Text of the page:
Some of the imports are cheap, inconsistent quality cheese, but some is undoubtedly good stuff too, and winning business with retailers. If our processors push too hard for price increases and the Irish don’t then it’s obvious what will happen. At present I am attempting to find out who is importing cheese and some pricing information but it’s proving a challenge to establish who is telling the truth.  It is a fact that the farmers’ much loved retailer Iceland is only interested in the cheapest cheese, and provenance is irrelevant. Iceland are not particularly interested in Red Tractor or Farm Assured cheese or carbon footprint: they just want it cheap. I am due to go and see the Irish Dairy Board soon, so I will report back next month on Irish, and imports.


Sainsbury’s move to take the Red Tractor mark off its produce sticks two fingers up to the Farm Assurance brand and its red tape. In terms of Sainsburys own label cheese it tells me they can now source cheese from anywhere in the world, and when you sell around 10,000 tonnes a year of cheddar that’s a powerful negotiating position. It’s equivalent to almost 100 million litres of domestic milk production.


On the liquid front prices are moving-up as the liquid premium re-establishes itself at the top of the league. Escalating costs of production, particularly feed costs, along with a below cost of production milk price, make for a long hard Winter of discontent.


My question is whether liquid milk prices will be allowed to leap frog the Sainsburys and/or Tesco cost of production price. To my mind there should be no lid on farm gate milk prices, but I suspect behind the scenes there is, and non-aligned liquid suppliers will never receive a higher price than Sainsburys or Tesco dedicated producers. Undoubtedly 2013 will be a batten down the hatches time for a lot of farmers. The SFP money will start in December but for many it will already be spoken for and that includes the taxman at the end of January. Buckle up everyone, you are in for a storm!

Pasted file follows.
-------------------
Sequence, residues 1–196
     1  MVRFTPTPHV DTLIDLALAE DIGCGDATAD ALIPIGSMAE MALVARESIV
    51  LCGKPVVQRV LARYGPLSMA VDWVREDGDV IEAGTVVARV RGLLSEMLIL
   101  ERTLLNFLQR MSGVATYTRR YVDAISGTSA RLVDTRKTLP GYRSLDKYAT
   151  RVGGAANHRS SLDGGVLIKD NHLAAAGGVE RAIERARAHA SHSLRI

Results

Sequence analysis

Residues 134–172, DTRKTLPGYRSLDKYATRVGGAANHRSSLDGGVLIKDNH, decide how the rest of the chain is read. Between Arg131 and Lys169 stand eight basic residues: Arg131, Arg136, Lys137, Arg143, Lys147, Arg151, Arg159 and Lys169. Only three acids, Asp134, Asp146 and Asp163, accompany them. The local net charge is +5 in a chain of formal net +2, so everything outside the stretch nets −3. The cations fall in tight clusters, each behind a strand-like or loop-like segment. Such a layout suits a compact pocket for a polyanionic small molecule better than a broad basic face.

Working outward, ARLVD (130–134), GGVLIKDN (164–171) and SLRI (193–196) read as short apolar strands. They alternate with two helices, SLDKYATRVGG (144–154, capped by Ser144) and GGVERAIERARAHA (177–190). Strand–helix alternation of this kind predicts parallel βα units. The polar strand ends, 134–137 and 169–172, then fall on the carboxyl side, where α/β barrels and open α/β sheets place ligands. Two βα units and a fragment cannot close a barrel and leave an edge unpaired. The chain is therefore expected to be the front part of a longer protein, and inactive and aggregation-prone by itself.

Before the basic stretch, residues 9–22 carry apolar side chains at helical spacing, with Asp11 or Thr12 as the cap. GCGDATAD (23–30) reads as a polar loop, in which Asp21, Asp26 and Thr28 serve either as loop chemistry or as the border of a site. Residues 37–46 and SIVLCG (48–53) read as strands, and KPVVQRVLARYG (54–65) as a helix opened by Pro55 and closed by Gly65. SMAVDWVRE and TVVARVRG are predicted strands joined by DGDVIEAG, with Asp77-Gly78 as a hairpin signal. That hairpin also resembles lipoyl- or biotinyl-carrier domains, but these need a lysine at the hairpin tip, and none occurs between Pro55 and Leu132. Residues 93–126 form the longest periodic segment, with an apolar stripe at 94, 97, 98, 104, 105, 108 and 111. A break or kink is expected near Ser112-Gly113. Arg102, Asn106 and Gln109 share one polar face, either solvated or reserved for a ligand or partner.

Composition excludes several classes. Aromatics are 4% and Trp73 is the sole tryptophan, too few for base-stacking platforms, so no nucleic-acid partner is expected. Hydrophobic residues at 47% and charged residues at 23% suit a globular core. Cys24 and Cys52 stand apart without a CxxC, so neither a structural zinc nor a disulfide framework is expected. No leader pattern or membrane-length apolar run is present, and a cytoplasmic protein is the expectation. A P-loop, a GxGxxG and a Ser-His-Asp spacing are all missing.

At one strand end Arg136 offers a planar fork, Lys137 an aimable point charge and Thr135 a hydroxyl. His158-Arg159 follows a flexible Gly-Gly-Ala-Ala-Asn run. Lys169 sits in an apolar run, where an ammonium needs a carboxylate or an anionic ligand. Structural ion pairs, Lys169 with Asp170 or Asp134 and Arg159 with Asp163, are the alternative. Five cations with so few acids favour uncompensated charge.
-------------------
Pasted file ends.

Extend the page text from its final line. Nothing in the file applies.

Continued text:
The New Year will herald the start of the conference season and I will be attending the annual Glasgow Semex Conference, so I look forward to a natter with regulars and newcomers there. Come on, and bend my ear!


I will not be at the Oxford Farming Conference (OFC) in January, however, although it will be interesting to see the RSPCA’s Freedom Foods sponsored "rolling logo" there. Perhaps it will follow similar RSPCA rhetoric: "You're soaked in badger blood, you bastards" or, alternatively, “We will expose all those who participate in a badger cull. Watch your backs!” I wonder whether the OFC has thought their “partners” through carefully?


So here’s wishing you and your families a great festive season and a prosperous and weather-friendly New Year and 2013. In case you get bored (and randy over Christmas) here are a few facts I brought back from a recent trip to Norway, which I will write about later, that I thought you may like to ponder:


1) A pig’s orgasm lasts 30 minutes (apparently). 2) Some lions mate over 50 times a day.  (Mmm… I wonder if there is anything in the theory of coming back after death as another life form, after all) And 3) Starfish have no brains. (Mmm… clearly it’s not a theory it’s a fact! Some of them work in the dairy industry!)


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Now that Milk Link is part of a larger European co-op I have heard numerous comments suggesting GB milk processing is predominantly owned by successful foreign businesses. But is that a problem? I don’t think so.  Let’s face it, our foreign colleagues are investing in the GB dairy industry, and we need that investment.


I also attended First Milk’s positive AGM/conference in South Wales recently, where CEO Kate Allum stated: “If we all pull in the same direction we will become unstoppable.” She was referring to the co-op’s 2,000 farmers and 750 employees.


However, like all others involved in GB cheese processing they face challenges – not least cheese imports at prices considerably below UK prices at times. Will GB retailers pay significantly more for home produced Farm Assured cheese than imports? Or will those cheaper cheese imports win the day?


Or perhaps the third alternative will come to the fore. Some cheese producers such as Lactalis have cut cheese production and are diverting supplier’s milk into the booming liquid market and are utilising existing cheese stocks to meet demand. To me this shorts the market, and has the potential to deliver a better ex-farm gate milk price to a cheese processor’s struggling farmers. Is this an example of pulling in the same direction?